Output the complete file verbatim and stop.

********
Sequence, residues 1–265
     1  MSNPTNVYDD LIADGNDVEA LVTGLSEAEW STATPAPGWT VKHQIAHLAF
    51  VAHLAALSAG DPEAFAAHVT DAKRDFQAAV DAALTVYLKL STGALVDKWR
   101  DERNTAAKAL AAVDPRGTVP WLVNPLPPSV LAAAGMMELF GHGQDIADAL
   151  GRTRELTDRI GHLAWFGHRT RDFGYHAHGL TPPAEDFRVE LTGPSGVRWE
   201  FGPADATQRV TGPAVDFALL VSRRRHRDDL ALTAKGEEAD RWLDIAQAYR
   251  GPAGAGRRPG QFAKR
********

Sequence, residues 1–265
     1  MSNPTNVYDD LIADGNDVEA LVTGLSEAEW STATPAPGWT VKHQIAHLAF
    51  VAHLAALSAG DPEAFAAHVT DAKRDFQAAV DAALTVYLKL STGALVDKWR
   101  DERNTAAKAL AAVDPRGTVP WLVNPLPPSV LAAAGMMELF GHGQDIADAL
   151  GRTRELTDRI GHLAWFGHRT RDFGYHAHGL TPPAEDFRVE LTGPSGVRWE
   201  FGPADATQRV TGPAVDFALL VSRRRHRDDL ALTAKGEEAD RWLDIAQAYR
   251  GPAGAGRRPG QFAKR